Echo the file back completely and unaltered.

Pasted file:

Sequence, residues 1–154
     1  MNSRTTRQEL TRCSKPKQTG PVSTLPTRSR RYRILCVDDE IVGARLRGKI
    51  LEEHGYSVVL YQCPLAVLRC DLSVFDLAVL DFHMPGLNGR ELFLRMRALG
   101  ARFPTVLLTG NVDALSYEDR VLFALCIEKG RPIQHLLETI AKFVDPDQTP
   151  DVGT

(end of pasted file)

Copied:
Sequence, residues 1–154
     1  MNSRTTRQEL TRCSKPKQTG PVSTLPTRSR RYRILCVDDE IVGARLRGKI
    51  LEEHGYSVVL YQCPLAVLRC DLSVFDLAVL DFHMPGLNGR ELFLRMRALG
   101  ARFPTVLLTG NVDALSYEDR VLFALCIEKG RPIQHLLETI AKFVDPDQTP
   151  DVGT